The Environmental Protection Agency (EPA) announces, "A new active ingredient, discovered and developed by the Centers for Disease Control and Prevention (CDC), has been registered by the Environmental Protection Agency (EPA) for use in insecticides and insect repellents.
"Studies show that when products are formulated from the new ingredient, nootkatone, they may repel and kill ticks, mosquitoes, and a wide variety of other biting pests. Nootkatone is responsible for the characteristic smell and taste of grapefruit and is widely used in the fragrance industry to make perfumes and colognes. It is found in minute quantities in Alaska yellow cedar trees and grapefruit skin.
"Nootkatone can now be used to develop new insect repellents and insecticides for protecting people and pets. CDC’s licensed partner, Evolva, is in advanced discussions with leading pest control companies for possible commercial partnerships. Companies interested in developing brand name consumer products will be required to submit a registration package to EPA for review, and products could be commercially available as early as 2022."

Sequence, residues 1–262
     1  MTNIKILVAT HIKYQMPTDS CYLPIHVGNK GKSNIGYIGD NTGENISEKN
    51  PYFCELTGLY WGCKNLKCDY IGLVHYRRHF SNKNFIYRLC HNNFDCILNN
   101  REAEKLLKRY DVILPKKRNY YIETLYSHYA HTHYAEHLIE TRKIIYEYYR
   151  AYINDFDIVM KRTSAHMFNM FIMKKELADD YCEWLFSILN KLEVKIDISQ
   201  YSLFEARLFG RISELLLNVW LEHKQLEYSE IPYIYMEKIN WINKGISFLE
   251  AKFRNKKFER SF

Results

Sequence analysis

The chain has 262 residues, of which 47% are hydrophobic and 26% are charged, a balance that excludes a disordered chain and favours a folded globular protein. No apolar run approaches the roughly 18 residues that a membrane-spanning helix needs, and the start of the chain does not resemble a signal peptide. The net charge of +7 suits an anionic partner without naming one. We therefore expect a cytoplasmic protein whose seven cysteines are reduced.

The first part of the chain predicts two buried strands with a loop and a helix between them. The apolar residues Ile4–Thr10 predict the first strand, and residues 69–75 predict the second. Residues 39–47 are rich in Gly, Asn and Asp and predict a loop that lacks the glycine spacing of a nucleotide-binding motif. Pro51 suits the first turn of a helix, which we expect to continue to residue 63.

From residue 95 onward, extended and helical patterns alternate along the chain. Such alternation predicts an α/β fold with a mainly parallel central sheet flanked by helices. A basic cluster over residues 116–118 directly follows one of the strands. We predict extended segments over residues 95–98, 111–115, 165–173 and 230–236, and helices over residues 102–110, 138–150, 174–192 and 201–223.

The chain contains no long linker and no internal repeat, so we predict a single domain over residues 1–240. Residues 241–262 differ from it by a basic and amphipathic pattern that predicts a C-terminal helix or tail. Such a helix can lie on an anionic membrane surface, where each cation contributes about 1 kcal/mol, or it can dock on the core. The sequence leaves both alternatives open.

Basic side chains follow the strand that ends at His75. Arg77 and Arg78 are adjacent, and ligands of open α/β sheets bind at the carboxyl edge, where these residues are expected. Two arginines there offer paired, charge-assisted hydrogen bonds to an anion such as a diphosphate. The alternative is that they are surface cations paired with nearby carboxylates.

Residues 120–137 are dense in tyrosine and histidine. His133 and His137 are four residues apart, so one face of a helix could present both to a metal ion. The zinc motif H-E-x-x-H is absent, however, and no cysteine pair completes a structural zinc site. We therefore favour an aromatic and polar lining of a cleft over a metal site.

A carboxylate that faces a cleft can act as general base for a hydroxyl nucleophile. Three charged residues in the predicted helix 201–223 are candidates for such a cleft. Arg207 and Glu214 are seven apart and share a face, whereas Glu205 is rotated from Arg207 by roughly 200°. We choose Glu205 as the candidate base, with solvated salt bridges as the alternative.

When applied, it is able to repel ticks, mosquitoes, and other insects for hours. It is nontoxic to humans. Nootkatone is already used as an approved food additive, and is commonly used in products for human consumption.